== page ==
Night shift workers are more at risk of ill health, data shows

29 October 2019 by Grace Coleman
blog author

Night shift workers are more prone to diabetes, depression and cardiovascular disease, according to the Trades Union Congress (TUC).

The national trade union centre published analysis which highlighted that 266,000 people (11.3 per cent) regularly work nights in the South West, with the highest number of night workers toiling in the care industry.

The data notes older workers (over 50) account for all the growth in night workers since 2014 and across Britain, nearly one million (924,000) night workers are aged over 50.

According to the TUC, older employees stay in work for longer and more jobs are being created in sectors like social care where older workers are more likely to be employed.

Care workers (432,000) are now most likely to work night shifts, followed by nurses and midwives (232,000) and road transport drivers (208,000).

The Office for National Statistics analysis shows that in total 3.25 million people (more than 1 in 9 workers) work in Britain’s night-time economy– an increase of 100,000 compared to five years ago. 

The TUC is calling for greater protection for the millions of UK workers who regularly work through the night which can lead to health implications as well as poor quality of family life. And older workers are more at risk when it comes to ill health.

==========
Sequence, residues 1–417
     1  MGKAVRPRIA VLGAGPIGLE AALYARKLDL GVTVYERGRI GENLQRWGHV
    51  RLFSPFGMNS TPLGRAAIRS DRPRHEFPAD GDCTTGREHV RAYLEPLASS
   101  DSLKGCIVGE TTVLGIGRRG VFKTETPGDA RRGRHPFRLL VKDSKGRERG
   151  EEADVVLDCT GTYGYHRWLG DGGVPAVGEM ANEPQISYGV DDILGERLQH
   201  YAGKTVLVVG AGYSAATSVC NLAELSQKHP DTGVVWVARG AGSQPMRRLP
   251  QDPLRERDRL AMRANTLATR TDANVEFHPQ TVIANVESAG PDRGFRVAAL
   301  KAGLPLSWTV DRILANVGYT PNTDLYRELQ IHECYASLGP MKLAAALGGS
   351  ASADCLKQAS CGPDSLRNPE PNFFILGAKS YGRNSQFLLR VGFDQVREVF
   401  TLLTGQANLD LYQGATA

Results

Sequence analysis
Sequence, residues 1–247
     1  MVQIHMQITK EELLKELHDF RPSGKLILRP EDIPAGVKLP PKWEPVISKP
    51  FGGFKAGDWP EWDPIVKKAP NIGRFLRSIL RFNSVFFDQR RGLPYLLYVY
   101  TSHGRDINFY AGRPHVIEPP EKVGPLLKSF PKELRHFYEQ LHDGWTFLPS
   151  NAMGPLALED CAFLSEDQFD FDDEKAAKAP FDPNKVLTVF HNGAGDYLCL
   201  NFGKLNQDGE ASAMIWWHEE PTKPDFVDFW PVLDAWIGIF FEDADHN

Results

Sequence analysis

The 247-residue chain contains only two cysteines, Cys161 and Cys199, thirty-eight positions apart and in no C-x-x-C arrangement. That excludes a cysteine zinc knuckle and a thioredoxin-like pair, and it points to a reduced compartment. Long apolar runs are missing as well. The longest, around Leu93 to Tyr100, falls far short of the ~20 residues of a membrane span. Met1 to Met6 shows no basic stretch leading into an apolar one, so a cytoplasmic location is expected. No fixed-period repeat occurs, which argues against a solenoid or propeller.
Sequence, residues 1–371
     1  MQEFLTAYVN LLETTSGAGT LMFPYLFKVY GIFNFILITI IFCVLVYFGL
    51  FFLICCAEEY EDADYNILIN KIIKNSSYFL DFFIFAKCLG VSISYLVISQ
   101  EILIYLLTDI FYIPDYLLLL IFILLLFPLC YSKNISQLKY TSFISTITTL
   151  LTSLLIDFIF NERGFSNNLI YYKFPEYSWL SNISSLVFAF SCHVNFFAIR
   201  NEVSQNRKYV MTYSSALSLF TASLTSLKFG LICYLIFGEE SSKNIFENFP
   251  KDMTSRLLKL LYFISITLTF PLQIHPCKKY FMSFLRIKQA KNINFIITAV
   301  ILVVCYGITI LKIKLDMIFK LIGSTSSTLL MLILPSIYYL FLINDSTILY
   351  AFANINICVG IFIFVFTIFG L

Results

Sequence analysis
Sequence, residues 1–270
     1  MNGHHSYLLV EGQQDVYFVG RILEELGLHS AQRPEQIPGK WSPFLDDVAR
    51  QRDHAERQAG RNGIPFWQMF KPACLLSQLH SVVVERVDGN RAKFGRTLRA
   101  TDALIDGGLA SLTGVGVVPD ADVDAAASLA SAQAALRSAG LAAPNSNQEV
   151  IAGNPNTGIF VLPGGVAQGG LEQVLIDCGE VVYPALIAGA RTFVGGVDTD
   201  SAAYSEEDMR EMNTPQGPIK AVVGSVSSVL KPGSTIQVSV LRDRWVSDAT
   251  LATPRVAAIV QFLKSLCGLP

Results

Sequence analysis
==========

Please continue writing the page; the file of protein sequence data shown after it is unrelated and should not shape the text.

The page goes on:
Nigel Costley, regional secretary of the TUC South West, said: “Britain’s loyal army of night workers has been boosted significantly by older workers. 

“We all owe them a huge debt for keeping the country ticking over while we are asleep. However, working nights can be really tough – it can disrupt family life and place a strain on people’s health and their pockets with costs soaring due to limited public transport or childcare services.

“Night workers can also be subject to damaging insecure work contracts and low pay. This government is not doing enough to protect night workers. They need better notice of night shifts and proper compensation to account for the increased costs of night working.”   

The TUC has made a variety of recommendations, including negotiating shift patterns between unions and employers, giving workers some control over their rotas and the Government tightening night working rules.